Tuesday, 29 January 2013

Your Scotland, Not Your Referendum.

So, King Eck's Prime Minister has taken it upon herself to inform European foreign ministers that SNPland would like to distance itself from those nasty English Tory Europhobes. Apart from the sheer chutzpah of it, yet again the nationalists are showing their true colours by extolling the virtues of one union, while ignoring the same virtues in the other.
Following Prime Minister David Cameron’s speech on Wednesday I would like to make the position of the Scottish Government clear as regards the European Union and Scotland’s place in it.
As you know, a referendum will be held in Scotland in the latter part of 2014 on the question of independence for Scotland.  The Edinburgh Agreement signed by the First Minister and the Prime Minister on 15 October last year sets out an agreed path towards that referendum which will be adhered to by both the United Kingdom and Scottish Governments.  That agreement is important in the European context as it provides reassurance to Member States that the outcome of the referendum will be respected by both sides and that in the event of a vote in favour of independence the Scottish and United Kingdom Governments will work together constructively to implement the democratic will of the Scottish people.
Actually, your so-called "Edinburgh Agreement" (no, not that one) says that the two governments are committed to continue to work together constructively in the light of the outcome, whatever it is, in the best interests of the people of Scotland and of the rest of the United Kingdom. Perhaps La Sturgeon needs reminding that the Scottish Government also promised to work constructively after the democratic will of the Scottish people has rejected independence?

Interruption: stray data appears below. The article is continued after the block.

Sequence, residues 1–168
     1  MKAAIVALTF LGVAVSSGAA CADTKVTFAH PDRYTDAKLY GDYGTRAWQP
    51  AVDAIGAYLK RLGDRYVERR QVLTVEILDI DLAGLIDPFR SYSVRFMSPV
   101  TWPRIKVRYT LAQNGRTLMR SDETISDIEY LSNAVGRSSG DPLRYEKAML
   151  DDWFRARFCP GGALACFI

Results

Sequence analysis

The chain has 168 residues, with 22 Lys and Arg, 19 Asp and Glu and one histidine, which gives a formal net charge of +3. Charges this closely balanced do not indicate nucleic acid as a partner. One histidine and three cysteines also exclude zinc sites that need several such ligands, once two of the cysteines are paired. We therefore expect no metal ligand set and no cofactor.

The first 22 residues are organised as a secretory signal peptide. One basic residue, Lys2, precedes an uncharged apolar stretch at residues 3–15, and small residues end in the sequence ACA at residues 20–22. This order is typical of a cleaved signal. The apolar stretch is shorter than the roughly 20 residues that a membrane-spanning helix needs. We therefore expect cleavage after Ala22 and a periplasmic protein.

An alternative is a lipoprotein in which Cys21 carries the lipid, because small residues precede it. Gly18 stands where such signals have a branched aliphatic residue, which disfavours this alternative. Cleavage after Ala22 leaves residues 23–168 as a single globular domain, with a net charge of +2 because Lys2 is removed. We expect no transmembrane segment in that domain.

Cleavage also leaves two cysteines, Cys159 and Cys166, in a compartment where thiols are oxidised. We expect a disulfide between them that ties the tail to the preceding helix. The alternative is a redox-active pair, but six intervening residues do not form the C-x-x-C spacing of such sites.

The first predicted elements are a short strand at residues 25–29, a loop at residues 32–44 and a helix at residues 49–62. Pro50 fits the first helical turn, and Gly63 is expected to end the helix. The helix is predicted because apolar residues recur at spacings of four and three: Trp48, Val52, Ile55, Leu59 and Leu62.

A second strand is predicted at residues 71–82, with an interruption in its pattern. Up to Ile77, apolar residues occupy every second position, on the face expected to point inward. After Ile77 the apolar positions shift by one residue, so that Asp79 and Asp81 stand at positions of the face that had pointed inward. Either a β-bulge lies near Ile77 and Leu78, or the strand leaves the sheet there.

Like all other nations in the EU, Scotland benefits greatly from the peace and security provided by membership. Our citizens enjoy freedom of movement and the right to work and study in other Member States. The ability to trade within a single market of 500 million citizens is a central aspect of our strategy to stimulate growth by increasing international trade.  The European Union continues to be Scotland’s top overseas export destination, our exports to the EU are up by around 15 per cent to over £11 billion according to figures released this week.
And of course, Scotland also benefits from the peace and security provided by its membership of the UK.  Our citizens have even more freedoms and rights in the other countries of the UK.  And the rest of the UK is Scotland's top export destination, full stop. In fact, more than twice as much as the rest of the world put together.
However we understand that those reform ambitions can only be achieved through dialogue with Member States from within the EU.  That is why we do not support the holding of an in/out referendum on the United Kingdom’s membership.  We have no intention of leaving the European Union.  On the contrary we will seek to be a constructive member of the Union working with other Member States to maximise the benefits we have enjoyed as members for over 40 years.
Is Cameron not trying to reform the EU through dialogue with Member States from within the EU before having his referendum? Would we enjoy the same benefits as the 20th largest and newest EU Member State as we have done as the third largest and one of the oldest? And how about seeking to be a constructive member of that other Union, working with other member countries to maximise the benefits we have enjoyed as members for over 300 years?
I sincerely hope that if the Prime Minister comes to hold an in/out referendum, by that time Scotland will be an independent Member State and will be playing its part as a valued and active partner within European Union.
"The people who live in Scotland are the best people to make decisions about Scotland's future." That's what the Scottish Government said in Your Scotland, Your Referendum.  But obviously Scotland's future in the EU is a matter reserved to party ideology, so we won't be needing a referendum on that.

No comments:

Post a comment